The appearance marked her first television appearance in six years, and was also a surprisingly not-awkward reunion with Fallon, who had opened the night of her infamous Roseland Ballroom breakdown. “That’s part of the reason I thought it would be cool to do this show,” she tells him. “I’d finally have something to talk about.” Fallon tells her that, “I was worried about you, pal.” To which she tells him, “I was worried about me, pal, too.”
Before performing “Anything We Want,” probably as romantic a song as we’ve heard from her, Apple explained that, “There’s somebody that thinks the song I’m about to sing is about them.” Then, holding up a billiard ball, she corrects: “If you didn’t give me this, I am not thinking about you.”
There are no maybes about it, Carly Rae Jepsen owned last night’s MuchMusic Video Awards. Performing early in Canadian music channel’s annual awards show, Jepsen sang her Billboard-topping “Call Me Maybe” from a giant, colorful telephone-shaped swing while wearing a too-cute TopShop dress. After picking up a hefty load of awards —the Video of the Year, the MuchMusic.com Most Watched Video, and the crowd-sourced UR Fave Video of the Year all for her “Call Me Maybe” video— she joined non-Canadian Flo Rida for “Wild Ones,” filling in for the absent You Oughta Know‘s Sia and proving herself more than “Maybe” capable.
Her “Wild Ones” cameo, though, was for many of us the first time hearing her do anything other than “Call Me Maybe.” If she hopes to be celebrated again in years to come, she will soon need to start harnessing some of the excitement around her into something new. Her EP Curiosity has yet to see release in the States, but has been well received in Canada — why not start not start with that, and in front of a hometown crowd?
Summer concert season is upon us, which means that a lot of people will be seeing shows by their favorite bands in unusual venues. Unfortunately, this sometimes means that stages are erected so quickly that there isn’t always a great deal of time to double- and triple-check to ensure that all safety regulations have been met. To wit, a massive section of the stage collapsed at Toronto’s Downsview Park Saturday afternoon ahead of Radiohead‘s sold-out show there, killing Radiohead’s drum tech, Scott Johnson, and injuring three other crew members. It’s not yet clear exactly what happened, but the Ontario Ministry of Labor will investigate the collapse to see that safety regulations and standards were followed and that staff were probably trained.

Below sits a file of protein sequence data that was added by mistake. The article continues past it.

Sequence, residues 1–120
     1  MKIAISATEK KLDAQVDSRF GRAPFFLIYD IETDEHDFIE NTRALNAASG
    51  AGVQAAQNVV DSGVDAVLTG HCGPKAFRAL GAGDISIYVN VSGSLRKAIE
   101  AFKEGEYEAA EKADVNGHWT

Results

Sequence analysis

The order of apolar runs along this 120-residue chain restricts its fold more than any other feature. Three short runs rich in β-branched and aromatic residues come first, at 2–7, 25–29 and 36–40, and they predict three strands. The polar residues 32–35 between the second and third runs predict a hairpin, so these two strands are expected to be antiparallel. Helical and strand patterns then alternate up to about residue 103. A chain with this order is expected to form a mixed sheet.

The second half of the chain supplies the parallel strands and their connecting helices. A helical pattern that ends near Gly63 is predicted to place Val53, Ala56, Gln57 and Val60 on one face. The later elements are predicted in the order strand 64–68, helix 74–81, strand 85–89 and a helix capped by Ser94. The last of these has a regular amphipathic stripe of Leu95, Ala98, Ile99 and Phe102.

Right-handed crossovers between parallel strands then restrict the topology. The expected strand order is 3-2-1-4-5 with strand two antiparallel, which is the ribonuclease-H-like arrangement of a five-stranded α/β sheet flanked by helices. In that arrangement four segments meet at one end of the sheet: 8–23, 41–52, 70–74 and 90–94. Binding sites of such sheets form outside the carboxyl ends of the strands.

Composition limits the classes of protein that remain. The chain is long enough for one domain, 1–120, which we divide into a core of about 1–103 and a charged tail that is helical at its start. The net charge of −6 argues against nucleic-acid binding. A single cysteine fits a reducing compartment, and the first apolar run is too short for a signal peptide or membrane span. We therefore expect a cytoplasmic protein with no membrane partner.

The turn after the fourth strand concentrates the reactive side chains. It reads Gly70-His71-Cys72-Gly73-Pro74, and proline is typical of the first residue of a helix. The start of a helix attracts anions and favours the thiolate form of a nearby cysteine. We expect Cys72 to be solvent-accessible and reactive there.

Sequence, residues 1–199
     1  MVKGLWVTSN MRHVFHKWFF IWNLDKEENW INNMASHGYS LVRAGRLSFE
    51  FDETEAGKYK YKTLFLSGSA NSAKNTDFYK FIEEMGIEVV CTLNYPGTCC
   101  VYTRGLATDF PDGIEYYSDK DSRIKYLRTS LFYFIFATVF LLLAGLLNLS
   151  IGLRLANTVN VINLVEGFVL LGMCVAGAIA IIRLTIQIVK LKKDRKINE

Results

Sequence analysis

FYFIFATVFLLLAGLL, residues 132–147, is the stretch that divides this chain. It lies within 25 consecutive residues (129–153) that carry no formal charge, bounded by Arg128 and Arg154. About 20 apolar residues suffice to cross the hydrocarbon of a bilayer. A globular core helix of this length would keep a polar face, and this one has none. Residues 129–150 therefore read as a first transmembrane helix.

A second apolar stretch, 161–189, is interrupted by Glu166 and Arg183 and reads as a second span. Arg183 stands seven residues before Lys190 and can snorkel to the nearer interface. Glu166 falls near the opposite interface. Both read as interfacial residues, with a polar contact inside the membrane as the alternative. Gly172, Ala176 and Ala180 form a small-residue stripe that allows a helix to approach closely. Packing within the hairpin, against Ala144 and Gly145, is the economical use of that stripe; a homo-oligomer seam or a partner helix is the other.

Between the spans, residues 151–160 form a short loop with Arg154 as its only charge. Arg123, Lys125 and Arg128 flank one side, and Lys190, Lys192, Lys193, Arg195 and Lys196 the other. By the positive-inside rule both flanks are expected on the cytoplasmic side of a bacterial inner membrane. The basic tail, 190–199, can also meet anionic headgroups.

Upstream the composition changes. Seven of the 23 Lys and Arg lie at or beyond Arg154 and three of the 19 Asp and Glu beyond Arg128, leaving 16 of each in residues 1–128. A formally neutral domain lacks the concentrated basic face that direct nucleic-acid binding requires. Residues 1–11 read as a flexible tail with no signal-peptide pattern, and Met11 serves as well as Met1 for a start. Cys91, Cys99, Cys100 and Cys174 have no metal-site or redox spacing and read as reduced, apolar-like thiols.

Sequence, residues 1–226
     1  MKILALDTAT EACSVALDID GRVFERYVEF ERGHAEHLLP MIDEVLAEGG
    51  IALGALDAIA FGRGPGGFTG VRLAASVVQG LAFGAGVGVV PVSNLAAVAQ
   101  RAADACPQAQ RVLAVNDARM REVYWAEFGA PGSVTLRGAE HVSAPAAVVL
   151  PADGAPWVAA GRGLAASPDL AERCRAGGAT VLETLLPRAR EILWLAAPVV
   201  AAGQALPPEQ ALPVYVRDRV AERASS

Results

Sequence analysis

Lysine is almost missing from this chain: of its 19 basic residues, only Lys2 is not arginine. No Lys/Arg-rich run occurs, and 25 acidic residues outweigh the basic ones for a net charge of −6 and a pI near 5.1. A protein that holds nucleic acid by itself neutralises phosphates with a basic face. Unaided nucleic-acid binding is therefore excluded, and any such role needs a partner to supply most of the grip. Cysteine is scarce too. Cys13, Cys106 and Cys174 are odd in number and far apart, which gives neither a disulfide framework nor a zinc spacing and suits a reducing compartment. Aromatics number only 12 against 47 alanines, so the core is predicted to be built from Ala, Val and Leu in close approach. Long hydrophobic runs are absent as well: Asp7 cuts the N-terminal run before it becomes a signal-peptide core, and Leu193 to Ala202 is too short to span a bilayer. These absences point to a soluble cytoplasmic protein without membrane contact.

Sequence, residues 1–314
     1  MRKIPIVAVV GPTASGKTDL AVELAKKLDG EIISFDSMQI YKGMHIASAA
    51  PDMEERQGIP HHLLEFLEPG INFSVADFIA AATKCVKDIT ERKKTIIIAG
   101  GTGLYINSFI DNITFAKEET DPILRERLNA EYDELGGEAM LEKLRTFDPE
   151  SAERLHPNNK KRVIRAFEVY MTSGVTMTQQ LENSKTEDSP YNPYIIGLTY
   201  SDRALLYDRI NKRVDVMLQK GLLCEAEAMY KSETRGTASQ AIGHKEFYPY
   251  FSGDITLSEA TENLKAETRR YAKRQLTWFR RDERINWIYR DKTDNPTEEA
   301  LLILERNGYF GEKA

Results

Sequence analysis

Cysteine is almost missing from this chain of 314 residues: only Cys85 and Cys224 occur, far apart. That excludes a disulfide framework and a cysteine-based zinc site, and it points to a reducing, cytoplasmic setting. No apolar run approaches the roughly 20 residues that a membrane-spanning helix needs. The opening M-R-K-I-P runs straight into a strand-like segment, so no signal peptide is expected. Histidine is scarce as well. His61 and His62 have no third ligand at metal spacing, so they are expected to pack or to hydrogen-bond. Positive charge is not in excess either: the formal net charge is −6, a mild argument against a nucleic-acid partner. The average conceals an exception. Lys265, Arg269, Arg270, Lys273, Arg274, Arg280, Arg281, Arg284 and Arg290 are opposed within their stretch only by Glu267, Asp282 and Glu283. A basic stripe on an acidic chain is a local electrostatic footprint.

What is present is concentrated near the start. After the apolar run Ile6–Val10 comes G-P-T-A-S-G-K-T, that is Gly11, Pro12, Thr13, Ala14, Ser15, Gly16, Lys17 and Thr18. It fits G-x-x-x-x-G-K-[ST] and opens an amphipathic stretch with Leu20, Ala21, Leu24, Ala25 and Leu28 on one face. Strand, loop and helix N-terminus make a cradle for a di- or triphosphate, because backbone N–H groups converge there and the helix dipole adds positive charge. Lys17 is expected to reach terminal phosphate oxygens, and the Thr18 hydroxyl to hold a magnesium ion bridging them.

Radiohead drummer Philip Selway paid tribute to Johnson on the band’s website. “We have all been shattered by the loss of Scott Johnson, our friend and colleague,” he wrote. “He was a lovely man, always positive, supportive and funny; a highly skilled and valued member of our great road crew. We will miss him very much. Our thoughts and love are with Scott’s family and all those close to him.”
The past year has seen a series of similar tragedies, notably a collapse at a Sugarland performance at the Indiana State Fair that left six dead, another at the Pukkelpop Festival in Belgium, and a third at a Cheap Trick show at Ottawa’s Bluesfest.
[Photo: Getty Images]
Grace Potter of Grace Potter & The Nocturnals really does have the medicine that everyone wants; and this devastatingly good outtake of “Medicine” from their VH1 Storytellers session that aired tonight (PS: If you missed it, you can watch it online right now!) is everything that’s got us spinning. Over classic rock drum rolls and a come-hither guitar hook, Potter first weaves an alternative world wherein a gypsy woman with dark brown eyes and long black hair has put a spell on her man. “She’s crossing me with magnetic sand / She hypnotizes with her mojo hand,” she wails. Then, two-thirds of the way through, voice hushed, she shares her plan to take the other woman down “deep in the night, when no one’s around” and off we go!
The whole band comes together at the drums for an epic precision-jam break-down, from which Potter returns even more powerful than before. “I’ve got the medicine,” she shrieks as the song returns, even bigger and badder than before. How, really, could anyone compete with a vocalist and performer as riveting as Potter?
It’s eight-minutes long, but really, not long enough. And so it’s good that there is more where that came from.
Jamie-Lynn Spears looks up to —and looks a whole lot like— her big sister in this video of her performing her a song, “I Look Up To You,” performed last night at Nashville’s 3rd and Lindsley Bar and Grill. “You can imagine who I wrote it about,” she said, making no secret that it’s Britney she’s singing praise to. “I hope y’all like it a lot.”
“Scared little girl, sitting in a big old world,” she sings. “You’ve outgrown your room, it all happened way too soon. They took away your innocence, we forgot our strong defense.”
And so, for her history of breakdown and near demise, Jamie-Lynn sees a picture of — well, someone who very much needs a kind and nonjudgmental song like this. Jamie-Lynn doesn’t really get to the point of explaining what exactly she looks up to in Britney; rather, she mostly just sounds endlessly understanding, singing, “Whether you’re the sunlight shining down, or you hide behind a cloud, I look up to you.” It’s sweet gesture, even though it’s creepy that she looks so much like a pre-breakdown Britney while doing it. Not to mention, invoking her sister is also probably a helpful way to garner attention for her country singing career to-be.